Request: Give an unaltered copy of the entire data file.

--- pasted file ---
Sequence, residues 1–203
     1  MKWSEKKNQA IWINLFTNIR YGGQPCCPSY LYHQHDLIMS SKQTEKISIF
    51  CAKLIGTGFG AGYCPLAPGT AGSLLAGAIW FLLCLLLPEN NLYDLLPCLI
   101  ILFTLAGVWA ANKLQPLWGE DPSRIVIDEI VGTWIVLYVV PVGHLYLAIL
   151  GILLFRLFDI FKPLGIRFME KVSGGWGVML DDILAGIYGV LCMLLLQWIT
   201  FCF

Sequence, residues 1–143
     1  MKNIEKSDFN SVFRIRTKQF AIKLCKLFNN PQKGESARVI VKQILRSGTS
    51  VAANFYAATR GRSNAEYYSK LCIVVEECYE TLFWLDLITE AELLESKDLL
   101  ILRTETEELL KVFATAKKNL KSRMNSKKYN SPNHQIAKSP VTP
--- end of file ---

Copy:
Sequence, residues 1–203
     1  MKWSEKKNQA IWINLFTNIR YGGQPCCPSY LYHQHDLIMS SKQTEKISIF
    51  CAKLIGTGFG AGYCPLAPGT AGSLLAGAIW FLLCLLLPEN NLYDLLPCLI
   101  ILFTLAGVWA ANKLQPLWGE DPSRIVIDEI VGTWIVLYVV PVGHLYLAIL
   151  GILLFRLFDI FKPLGIRFME KVSGGWGVML DDILAGIYGV LCMLLLQWIT
   201  FCF

Sequence, residues 1–143
     1  MKNIEKSDFN SVFRIRTKQF AIKLCKLFNN PQKGESARVI VKQILRSGTS
    51  VAANFYAATR GRSNAEYYSK LCIVVEECYE TLFWLDLITE AELLESKDLL
   101  ILRTETEELL KVFATAKKNL KSRMNSKKYN SPNHQIAKSP VTP